Consider the following simple Python function by way of example:

```
def quantize(data, nlevels, quantizer=lambda x, d: int(floor(x/d))):
llim = min(data)
delta = (max(data) - llim)/(nlevels - 1) # last level x == max(data) only
y = type(data)
if delta == 0:
return y([0] * len(data))
else:
return y([quantizer(x - llim, delta) for x in data])
```

And here it is in action:

```
>>> from random import random
>>> data = [10*random() for _ in range(10)]
>>> data
[6.6181668777075018, 9.0511321773967737, 1.8967672216187881, 7.3396890304913951,
4.0566699095012835, 2.3589022034131069, 0.76888247730320769, 8.994874996737197,
7.1717500363578246, 2.887112256757157]
>>> quantize(data, nlevels=5)
[2, 4, 0, 3, 1, 0, 0, 3, 3, 1]
>>> quantize(tuple(data), nlevels=5)
(2, 4, 0, 3, 1, 0, 0, 3, 3, 1)
>>> from math import floor
>>> quantize(data, nlevels=5, quantizer=lambda x, d: (floor(x/d) + 0.5))
[2.5, 4.5, 0.5, 3.5, 1.5, 0.5, 0.5, 3.5, 3.5, 1.5]
```

This function certainly has flaws --for one thing, it does not validate arguments, and it should be smarter about how it sets the type of the returned value--, but it has the virtue that it will work whether the elements in data are integers or floats or some other numeric type. Also, by default it returns a list of ints, though, by passing a suitable function as the optional quantizer argument, this type can be changed to something else. Furthermore, if the data parameter is a list, the returned value will be a list; if data is a tuple, the returned value will be a tuple. (This last feature is certainly the weakest one, but it is also the one that I'm least interested in replicating in Java, so I did not bother to make it more robust.)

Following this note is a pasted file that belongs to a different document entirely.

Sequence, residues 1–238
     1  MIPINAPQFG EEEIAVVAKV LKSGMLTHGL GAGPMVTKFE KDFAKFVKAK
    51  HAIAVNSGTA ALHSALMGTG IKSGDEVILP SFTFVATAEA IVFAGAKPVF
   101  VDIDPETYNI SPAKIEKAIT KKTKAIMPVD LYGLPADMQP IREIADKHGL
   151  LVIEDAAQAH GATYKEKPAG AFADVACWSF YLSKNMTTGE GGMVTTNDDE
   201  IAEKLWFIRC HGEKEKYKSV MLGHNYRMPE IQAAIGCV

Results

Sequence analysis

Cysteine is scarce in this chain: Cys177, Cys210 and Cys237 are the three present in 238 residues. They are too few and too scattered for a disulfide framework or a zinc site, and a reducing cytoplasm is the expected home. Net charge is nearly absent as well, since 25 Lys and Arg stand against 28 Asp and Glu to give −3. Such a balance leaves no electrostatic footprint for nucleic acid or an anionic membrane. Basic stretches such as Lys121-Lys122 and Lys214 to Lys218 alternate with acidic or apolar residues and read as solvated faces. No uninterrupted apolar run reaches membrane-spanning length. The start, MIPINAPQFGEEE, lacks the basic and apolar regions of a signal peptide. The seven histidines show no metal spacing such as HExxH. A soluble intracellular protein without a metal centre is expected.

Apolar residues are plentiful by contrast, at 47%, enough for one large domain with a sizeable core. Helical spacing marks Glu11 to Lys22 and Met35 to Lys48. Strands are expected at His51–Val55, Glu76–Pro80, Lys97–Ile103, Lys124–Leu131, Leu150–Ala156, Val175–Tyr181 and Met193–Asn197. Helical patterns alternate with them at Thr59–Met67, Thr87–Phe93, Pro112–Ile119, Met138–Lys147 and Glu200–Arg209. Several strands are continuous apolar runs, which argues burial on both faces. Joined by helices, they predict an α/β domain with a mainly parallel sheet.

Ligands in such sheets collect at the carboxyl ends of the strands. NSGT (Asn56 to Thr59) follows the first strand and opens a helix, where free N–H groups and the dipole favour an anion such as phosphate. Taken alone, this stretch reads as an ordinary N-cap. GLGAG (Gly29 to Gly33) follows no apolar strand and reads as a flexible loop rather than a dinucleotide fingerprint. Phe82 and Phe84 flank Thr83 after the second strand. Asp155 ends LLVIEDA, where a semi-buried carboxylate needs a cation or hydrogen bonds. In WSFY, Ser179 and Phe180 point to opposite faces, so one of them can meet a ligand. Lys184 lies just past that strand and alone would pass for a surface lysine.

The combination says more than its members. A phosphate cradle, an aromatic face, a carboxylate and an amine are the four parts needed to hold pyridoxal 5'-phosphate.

I would like to write an *efficient* Java-equivalent of this function, which means figuring out how to get around Java's typing. Since I learned Java (aeons ago), generics were introduced into the language. I've tried learning about Java generics, but find them pretty incomprehensible. I don't know is this is due to early-onset senility, or because of the sheer growth in Java's complexity since I last programmed in it (ca. 2001), but every page I find on this topic is more confusing than the previous one. I'd really appreciate it if someone could show me how to do this in Java.

Thanks!